AMMAN, Jordan — The Trump administration is doubling down on commercial and diplomatic efforts in the coming weeks to “put real pressure on Iran,” U.S. Secretary of State Mike Pompeo said at the start of a Mideast tour Tuesday.
The trip comes amid confusion over conflicting statements by President Donald Trump and senior U.S. officials about a planned U.S. troop withdrawal from Syria. Trump made the surprise announcement about a withdrawal last month, saying some 2,000 troops fighting alongside Syrian Kurdish allies in northeastern Syria against Islamic State extremists would be pulled out soon. He did not give details, such as a timetable, leaving bewildered U.S. partners in the region jockeying for influence over terms of a withdrawal.
Pompeo contended Tuesday that the planned withdrawal from Syria would not complicate the administration’s anti-Iran campaign. He said U.S. allies in the region, including Jordan, agree on what they view as the “enormous risk” Iran poses for the region.
“The president’s decision to withdraw our folks from Syria in no way impacts our capacity to deliver on that,” he said in a joint news conference with Jordanian Foreign Minister Ayman Safadi. “You will see in the coming days and weeks that we are doubling not only our diplomatic but our commercial efforts to put real pressure on Iran to achieve what it is we set out for them back in May.”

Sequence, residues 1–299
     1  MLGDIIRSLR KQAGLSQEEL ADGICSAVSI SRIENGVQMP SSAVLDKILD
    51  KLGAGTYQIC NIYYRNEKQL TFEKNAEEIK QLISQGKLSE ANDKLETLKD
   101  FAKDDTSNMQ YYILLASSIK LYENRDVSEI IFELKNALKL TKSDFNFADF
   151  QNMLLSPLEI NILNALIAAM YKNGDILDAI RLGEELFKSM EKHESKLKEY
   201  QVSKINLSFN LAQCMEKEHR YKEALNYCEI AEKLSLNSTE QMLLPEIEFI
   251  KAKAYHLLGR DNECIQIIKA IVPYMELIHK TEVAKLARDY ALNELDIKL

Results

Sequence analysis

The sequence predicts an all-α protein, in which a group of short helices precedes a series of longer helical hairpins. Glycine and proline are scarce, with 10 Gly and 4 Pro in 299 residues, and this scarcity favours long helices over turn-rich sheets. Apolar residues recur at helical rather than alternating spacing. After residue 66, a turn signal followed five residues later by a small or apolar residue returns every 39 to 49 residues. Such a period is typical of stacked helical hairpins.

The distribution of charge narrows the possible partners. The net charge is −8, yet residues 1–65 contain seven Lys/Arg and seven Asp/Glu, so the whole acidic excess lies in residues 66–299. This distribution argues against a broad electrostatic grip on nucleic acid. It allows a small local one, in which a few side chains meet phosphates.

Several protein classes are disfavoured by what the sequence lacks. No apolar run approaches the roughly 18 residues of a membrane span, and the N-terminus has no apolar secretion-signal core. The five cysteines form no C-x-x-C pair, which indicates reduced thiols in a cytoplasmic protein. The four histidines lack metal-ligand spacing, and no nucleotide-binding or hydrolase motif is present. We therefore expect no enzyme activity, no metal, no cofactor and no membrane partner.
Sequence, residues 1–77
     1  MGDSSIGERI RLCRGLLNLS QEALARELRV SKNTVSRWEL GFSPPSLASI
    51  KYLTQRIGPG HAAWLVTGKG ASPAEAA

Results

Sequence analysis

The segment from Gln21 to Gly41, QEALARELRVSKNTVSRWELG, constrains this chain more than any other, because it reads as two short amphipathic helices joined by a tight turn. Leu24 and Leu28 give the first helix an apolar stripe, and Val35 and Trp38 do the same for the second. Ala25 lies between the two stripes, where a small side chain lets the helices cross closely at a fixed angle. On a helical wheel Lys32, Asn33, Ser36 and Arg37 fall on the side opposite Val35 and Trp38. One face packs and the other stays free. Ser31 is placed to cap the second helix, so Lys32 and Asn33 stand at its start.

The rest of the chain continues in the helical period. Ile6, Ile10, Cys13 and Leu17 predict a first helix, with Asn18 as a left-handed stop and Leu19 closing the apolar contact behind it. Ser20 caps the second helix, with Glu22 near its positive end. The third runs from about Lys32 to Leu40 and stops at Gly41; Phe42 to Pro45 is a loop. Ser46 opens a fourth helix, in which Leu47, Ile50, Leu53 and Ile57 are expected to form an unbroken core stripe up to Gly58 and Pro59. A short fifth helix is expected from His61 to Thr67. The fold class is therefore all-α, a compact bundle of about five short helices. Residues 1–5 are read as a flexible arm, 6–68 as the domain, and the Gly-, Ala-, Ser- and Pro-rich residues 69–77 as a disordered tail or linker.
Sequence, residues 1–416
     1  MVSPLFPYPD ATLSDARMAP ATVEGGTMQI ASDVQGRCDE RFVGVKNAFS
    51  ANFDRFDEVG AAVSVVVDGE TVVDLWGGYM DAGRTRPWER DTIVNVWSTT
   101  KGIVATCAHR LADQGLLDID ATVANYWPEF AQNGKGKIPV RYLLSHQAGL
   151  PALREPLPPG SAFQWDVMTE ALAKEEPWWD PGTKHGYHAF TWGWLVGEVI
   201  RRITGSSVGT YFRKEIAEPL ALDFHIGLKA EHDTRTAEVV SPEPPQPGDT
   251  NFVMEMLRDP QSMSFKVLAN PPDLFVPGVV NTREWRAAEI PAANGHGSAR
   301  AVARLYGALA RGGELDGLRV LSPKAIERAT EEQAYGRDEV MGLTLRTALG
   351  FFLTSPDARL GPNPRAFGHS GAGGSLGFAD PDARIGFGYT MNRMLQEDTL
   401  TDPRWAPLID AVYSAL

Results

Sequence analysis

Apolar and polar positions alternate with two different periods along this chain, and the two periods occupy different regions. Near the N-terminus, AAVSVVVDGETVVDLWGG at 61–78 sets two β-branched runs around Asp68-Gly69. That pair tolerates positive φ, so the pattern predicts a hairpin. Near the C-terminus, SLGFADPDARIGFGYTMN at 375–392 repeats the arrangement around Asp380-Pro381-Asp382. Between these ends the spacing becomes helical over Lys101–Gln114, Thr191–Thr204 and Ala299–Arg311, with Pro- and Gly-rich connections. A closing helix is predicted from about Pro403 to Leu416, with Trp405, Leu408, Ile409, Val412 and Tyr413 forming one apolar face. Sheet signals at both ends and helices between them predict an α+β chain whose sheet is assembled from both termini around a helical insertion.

Consultations About the Fate of Kurds Allied With the U.S. In Syria
Pompeo’s visit began as U.S. National Security Adviser John Bolton was set to depart Turkey without meeting with President Recep Tayyip Erdogan — an apparent snub over disagreements about the Kurdish fighters in Syria.
National Security Council spokesman Garrett Marquis said U.S. officials were told Erdogan cited local election season and a speech to parliament for not meeting with Bolton.
The Trump administration in November restored U.S. sanctions on Iran that had been lifted under the landmark 2015 nuclear deal with Western powers. The sanctions cover Iran’s shipping, financial and energy sectors. They are the second batch the administration has re-imposed since Trump withdrew from the accord in May.
Later on Tuesday, Pompeo met with Jordan’s King Abdullah II at the royal palace in the capital of Amman.
During a brief photo opportunity, Pompeo was chatting with the monarch, mentioning a speech by President Trump, to be delivered from the Oval Office later Tuesday.
“He is going to give a set of remarks,” Pompeo said of the president. “First time he’s spoken from the Oval Office in two years. It’s gonna be about the border, mostly, our southern border. I saw an early version of it. He will make a lot of news.”